Logo

Ombudsman investigation sees council agree to repay five years of care fee top-ups after it failed to offer affordable alternative placement first

Stockport Metropolitan Borough Council has agreed to reimburse "a significant amount of money" to a woman after it did not offer her mother an affordable care home placement, before asking her to pay a top-up towards her mother’s fees.

The local authority agreed to pay the compensation following a Local Government and Social Care Ombudsman investigation that found the council at fault for not following the statutory guidance on top-up fees, which says a person should not be asked to pay a 'top-up' towards the cost of their accommodation because of market inadequacies or commissioning failures.

There must be a genuine choice, the statutory guidance says, so "the local authority therefore must ensure that at least one option is available that is affordable within a person’s personal budget …"

When it was decided that the mother, 'Mrs P', should move into a residential care home, the council initially proposed two homes to the daughter, but both were full.

Article continues below...


On 25 November 2015, Ms P was admitted to the fourth option, which required her daughter to pay a top-up payment of £240 per week.

Her placement was initially meant to be a 'respite' placement while the council searched for affordable options. Ms V agreed to pay the top-up payments for one or two weeks until a vacancy at an affordable home became available.

Due to unforeseen problems, the respite period was continuously extended until 23 May 2016, when it was agreed that Mrs P's placement should be made permanent.

Four years later, in June 2020, Ms V wrote to the council to say she could no longer afford the top-up payments. When asked what she could pay, she told the council that she could not afford to pay any of it.

Following this, the daughter submitted a complaint to the council. It responded seven months later in April 2021, to inform her that her complaint had been rejected as she had agreed to pay the top-up, despite the council making "clear [it] would not support or fund [Home 4] because there were beds available, at a lower cost, at [Home 1 or 2]".

Ms V then complained to the Ombudsman.

In his investigation, the Ombudsman considered the policy set out in the Care and Support Statutory Guidance, which at paragraph 12 of Annex A says:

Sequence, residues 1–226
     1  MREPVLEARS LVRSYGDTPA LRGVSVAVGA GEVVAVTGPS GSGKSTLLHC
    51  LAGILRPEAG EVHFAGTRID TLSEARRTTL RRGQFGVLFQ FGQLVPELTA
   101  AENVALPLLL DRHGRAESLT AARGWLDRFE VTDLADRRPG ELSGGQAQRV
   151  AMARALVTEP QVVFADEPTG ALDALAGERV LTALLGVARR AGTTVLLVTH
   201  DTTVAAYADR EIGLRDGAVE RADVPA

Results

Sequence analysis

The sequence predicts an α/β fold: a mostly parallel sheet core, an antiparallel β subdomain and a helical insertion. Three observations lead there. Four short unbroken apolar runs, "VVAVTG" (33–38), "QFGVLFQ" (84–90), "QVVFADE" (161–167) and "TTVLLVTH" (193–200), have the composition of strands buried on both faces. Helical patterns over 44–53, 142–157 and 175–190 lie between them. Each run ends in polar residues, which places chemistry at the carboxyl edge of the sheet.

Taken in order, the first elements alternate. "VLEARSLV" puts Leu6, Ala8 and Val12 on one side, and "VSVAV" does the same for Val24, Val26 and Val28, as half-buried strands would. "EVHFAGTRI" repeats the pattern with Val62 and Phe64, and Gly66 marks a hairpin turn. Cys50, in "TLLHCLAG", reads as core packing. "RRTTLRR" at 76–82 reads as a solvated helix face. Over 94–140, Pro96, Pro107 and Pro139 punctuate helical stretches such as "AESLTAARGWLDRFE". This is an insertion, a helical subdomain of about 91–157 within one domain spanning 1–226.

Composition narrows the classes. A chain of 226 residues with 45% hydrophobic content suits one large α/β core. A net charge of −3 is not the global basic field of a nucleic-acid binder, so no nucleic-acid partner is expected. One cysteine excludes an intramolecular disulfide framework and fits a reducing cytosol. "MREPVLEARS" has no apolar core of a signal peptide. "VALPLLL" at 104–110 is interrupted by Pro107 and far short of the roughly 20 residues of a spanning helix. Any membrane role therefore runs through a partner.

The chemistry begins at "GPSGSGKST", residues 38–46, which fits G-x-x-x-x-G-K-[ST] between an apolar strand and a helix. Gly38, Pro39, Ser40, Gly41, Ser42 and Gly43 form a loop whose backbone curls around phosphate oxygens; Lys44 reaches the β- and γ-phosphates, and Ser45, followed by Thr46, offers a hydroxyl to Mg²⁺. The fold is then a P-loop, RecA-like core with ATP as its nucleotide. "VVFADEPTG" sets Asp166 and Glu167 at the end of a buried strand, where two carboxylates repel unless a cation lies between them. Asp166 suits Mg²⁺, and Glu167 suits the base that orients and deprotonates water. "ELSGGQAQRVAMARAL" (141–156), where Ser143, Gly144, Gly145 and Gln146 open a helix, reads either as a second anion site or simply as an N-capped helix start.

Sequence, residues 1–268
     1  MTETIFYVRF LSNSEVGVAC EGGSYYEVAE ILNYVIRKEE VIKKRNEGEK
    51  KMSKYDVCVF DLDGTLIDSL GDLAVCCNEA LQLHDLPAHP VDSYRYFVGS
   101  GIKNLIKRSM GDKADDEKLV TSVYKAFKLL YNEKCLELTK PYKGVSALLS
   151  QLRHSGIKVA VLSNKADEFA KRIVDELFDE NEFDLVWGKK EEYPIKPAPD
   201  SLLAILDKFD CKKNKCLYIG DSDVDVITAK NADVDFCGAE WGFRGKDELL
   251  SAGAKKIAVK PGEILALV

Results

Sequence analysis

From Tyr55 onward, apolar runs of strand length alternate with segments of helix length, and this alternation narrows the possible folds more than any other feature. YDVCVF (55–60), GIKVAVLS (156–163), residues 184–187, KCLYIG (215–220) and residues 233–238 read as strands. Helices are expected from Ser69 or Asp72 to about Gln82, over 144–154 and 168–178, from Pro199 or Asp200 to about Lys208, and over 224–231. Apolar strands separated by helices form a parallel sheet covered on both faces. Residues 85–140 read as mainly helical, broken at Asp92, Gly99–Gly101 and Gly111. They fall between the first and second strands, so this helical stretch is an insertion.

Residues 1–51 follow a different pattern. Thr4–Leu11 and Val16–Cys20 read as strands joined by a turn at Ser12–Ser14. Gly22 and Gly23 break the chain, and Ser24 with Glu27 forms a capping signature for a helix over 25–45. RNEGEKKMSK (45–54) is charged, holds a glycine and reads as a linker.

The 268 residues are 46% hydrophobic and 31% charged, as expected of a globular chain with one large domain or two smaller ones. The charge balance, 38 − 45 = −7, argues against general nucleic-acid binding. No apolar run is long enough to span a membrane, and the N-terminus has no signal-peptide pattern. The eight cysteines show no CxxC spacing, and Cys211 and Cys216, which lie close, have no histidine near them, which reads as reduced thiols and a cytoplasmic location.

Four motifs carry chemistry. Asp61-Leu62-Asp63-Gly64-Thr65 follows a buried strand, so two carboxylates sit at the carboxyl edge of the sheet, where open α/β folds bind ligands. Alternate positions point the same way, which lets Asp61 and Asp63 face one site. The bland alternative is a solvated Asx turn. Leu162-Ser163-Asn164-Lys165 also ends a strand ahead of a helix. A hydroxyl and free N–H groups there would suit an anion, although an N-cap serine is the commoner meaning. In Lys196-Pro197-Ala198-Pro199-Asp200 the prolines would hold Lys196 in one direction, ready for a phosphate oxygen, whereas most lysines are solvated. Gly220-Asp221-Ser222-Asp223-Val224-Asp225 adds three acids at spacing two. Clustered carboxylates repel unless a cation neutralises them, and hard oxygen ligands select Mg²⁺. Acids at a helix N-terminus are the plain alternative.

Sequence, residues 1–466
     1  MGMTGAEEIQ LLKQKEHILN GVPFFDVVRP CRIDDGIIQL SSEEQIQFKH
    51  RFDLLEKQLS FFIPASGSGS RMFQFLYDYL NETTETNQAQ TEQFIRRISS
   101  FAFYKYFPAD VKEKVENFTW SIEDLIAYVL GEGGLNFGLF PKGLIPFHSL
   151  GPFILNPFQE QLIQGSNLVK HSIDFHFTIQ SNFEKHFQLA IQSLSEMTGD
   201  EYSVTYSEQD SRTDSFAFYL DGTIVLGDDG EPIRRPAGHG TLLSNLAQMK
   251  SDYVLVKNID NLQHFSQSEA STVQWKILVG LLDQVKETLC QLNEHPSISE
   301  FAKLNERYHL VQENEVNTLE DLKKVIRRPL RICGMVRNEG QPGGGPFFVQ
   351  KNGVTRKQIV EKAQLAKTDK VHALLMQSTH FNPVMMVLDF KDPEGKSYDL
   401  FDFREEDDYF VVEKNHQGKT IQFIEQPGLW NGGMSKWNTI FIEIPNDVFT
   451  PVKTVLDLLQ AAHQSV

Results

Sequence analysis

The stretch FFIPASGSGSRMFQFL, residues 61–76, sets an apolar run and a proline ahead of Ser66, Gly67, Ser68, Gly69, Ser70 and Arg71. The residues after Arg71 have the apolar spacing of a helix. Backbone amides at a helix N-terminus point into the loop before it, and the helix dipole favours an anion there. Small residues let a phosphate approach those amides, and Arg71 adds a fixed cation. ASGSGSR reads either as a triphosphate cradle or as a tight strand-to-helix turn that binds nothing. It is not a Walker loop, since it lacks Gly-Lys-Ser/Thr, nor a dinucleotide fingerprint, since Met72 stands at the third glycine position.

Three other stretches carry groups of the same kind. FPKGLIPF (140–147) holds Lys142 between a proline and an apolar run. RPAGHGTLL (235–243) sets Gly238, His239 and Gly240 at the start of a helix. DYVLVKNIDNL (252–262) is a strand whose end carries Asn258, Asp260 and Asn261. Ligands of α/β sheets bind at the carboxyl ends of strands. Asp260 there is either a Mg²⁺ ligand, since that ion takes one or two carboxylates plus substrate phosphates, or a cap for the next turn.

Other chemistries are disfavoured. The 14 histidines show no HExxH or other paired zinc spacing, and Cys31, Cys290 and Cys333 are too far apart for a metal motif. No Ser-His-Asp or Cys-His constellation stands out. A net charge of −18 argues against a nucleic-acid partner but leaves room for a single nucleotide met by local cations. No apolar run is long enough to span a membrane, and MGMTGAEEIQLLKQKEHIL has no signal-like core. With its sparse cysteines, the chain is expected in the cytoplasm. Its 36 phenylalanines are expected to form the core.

"[If] no suitable accommodation is available at the amount identified in a personal budget, the local authority must arrange care in a more expensive setting and adjust the budget accordingly to ensure that needs are met. In such circumstances, the local authority must not ask for the payment of a 'top-up' fee. Only when a person has chosen a more expensive accommodation can a 'top-up' payment be sought."

The council said it met this duty because it offered Mrs P a placement with the care provider running the first two proposed homes, but Ms V turned this down in favour of the more expensive fourth home.

"But I can see nothing in the Council's notes to support this version of events; rather, on each occasion where the Council consulted about Homes 1 and 2, its notes show no placement was available," the Ombudsman said.

He added: "As this represented a 'market inadequacy', the statutory guidance says the council should have adjusted Mrs P's personal budget to cover a more expensive placement, without requiring a top-up payment from Ms V (or any other person). The council's failure to do is fault."

The Ombudsman also found fault with how the council asked the daughter to pay the care bill. As part of the commissioning arrangements, Stockport asked Ms V to pay both the top-up and Mrs P's contribution directly to the home, with the council paying its own contribution separately.

"I acknowledge there is some flexibility open to a council with respect to this, and so it is permissible for residents and/or family members to make their payments direct to the care provider," the Ombudsman stated. "But I would expect to see the reasoning for this set out in the council's records, along with a clear confirmation the resident and/or family members agreed."

He added: "Again, I can see nothing in the council's notes to indicate that happened in this case. Instead it appears the council simply told Ms V this was how she should make her payments, without any further discussion."

This was also fault, but it did not represent significant injustice to Ms V, the report noted.

Additionally, the Ombudsman found fault and injustice with the length of time it took the council to respond to Ms V's complaint.

Even taking the impact of the pandemic into account, the Ombudsman said he did not consider the seven-month delay to have been reasonable, "especially given that Ms V's complaint concerned a relatively narrow and straightforward issue".

Following the Ombudsman's findings, the council agreed to the following:

  • offer to reimburse the full amount Ms V paid in third-party top-ups for Mrs P's placement at Home 4 since 2015;
  • offer Ms V a further £150 to reflect the time and trouble Ms V went to in pursuing her complaint;
  • take steps to remind all relevant staff of the provisions of the statutory guidance, which says the council is responsible for contracting with and paying a care provider for any placement it commissions and should, therefore, normally collect residents' contributions and any top-up payments, rather than allowing these to be paid direct to the care provider.

A Stockport Council spokesperson said: "The council has accepted the findings of the LGO and has implemented the recommendations made by the LGO in its report."

Adam Carey

(c) HB Editorial Services Ltd 2009-2020